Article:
Based on my evaluation of current literature, I believe that the author who WILL stand the test of time is probably Stephen Donaldson... After all he has all the ingredients. To everyone his/her own opinion, but I've read Dune around 10 times, LoTR 6 times, Thomas Covenant thrice, and most books by Weis/Hickman once (the exception being the Legends)... That, in my opinion, settles the argument as far as I am concerned.
But to reiterate:
To everyone his own opinion...
Stay True, Unbeliever.
October 17th, 2000, 06:26 AM
I've been reading through the posts for this topic, and I have something to add that I think will shed a little light for everyone. Comparisions between Tolkien's work and a series like the Death Gate Cycle is an exercise in futility. Not because of the merit of one over the other, but because the scope of the works are completely different.
Weis and Hickman had an interesting idea for a fantasy world, and they set it down on paper, to entertain. They are a diversion. There's not much more background than that behind the books.
Tolkien's works are based on old legends and myths. They only seem one dimentional to the casual reader, because unless you've studied literature (or are a big John Campbell fan), you won't know that Frodo is not just a Hobbit, he is an archetype for the Hero in ancient myth. There is an accepted formula for writing of the Hero's Journey, brought down from the mists of time, from the Beowulfs and Gilgameshs of anicent stories. Almost all of our current entertainment bases its elements on ancient stories, but Tolkien's Middle-Earth followed the heart and tone of these stories much more closely than most modern pieces. And the reason Tolkien will be read for centuries to come, just as Beowulf, is because the story resonates as part of the human condition. Everyone can relate to at least a piece of the Hero's Journey, because it reflects our own journeys through life.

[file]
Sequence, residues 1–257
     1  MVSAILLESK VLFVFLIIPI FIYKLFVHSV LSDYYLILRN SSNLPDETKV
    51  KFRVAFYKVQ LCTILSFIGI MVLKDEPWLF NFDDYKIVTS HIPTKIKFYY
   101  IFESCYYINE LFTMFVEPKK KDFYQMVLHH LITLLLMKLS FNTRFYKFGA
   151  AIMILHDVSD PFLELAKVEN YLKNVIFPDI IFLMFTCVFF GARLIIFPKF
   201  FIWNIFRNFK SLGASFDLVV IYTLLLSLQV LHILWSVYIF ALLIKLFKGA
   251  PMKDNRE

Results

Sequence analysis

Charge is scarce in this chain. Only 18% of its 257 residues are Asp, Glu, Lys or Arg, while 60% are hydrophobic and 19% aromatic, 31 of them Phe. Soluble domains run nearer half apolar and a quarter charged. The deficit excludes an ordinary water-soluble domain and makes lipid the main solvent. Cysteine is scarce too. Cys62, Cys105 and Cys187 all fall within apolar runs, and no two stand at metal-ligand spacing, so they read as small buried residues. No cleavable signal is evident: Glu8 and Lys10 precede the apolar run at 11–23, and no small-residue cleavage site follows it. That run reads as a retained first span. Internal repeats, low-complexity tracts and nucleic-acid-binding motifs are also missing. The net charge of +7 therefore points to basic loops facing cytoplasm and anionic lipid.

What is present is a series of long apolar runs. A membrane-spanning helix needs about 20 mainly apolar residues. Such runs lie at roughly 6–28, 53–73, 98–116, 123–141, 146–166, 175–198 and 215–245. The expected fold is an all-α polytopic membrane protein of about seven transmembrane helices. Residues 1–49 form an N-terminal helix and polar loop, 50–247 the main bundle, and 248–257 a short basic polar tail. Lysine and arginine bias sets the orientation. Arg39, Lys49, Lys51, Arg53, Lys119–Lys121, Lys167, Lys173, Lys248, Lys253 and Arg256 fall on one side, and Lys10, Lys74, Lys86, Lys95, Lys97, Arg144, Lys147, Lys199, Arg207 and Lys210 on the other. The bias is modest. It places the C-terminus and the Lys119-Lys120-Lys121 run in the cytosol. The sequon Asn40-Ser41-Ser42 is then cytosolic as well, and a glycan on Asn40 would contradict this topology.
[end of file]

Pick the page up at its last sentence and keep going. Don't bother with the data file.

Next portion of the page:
Are modern authors capable of writing in the epic vein masterpieces such as Tolkien did? Of course. But not everyone needs to create the epic. There is merit in books like the Death Gate Cycle; they don't teach us lessons, but everyone needs a break, and there is nothing wrong with pure entertainment. I think that is the crux of the argument that is happening here.
October 17th, 2000, 11:06 AM
frankly, I'm shoked that someone read LotR and found no greater struggles than to continue past hunger.
How about overcoming fear? Standing up to those who are greater than yourself not because you think you can win (super powerful characters from other books), but because you know you are right?
The greater themes of LotR often center on power- ultimate power, and how it ultimately corrupts its user. The desire to HAVE ultimate power is the desire to have dominion over others, and since no one was meant for such power, it ultimately corrupts the user to wiled it over those beneath them- Frodo's internal struggle was the need to give up- the inexorable urging of the ring to give in the will of Sauron, to give up this seemingly futile and hopeless quest and allow evil to rule. On the other hand, he feels the burden not only of the evil in the ring, but the good that depends on him BEARING it to its final destination.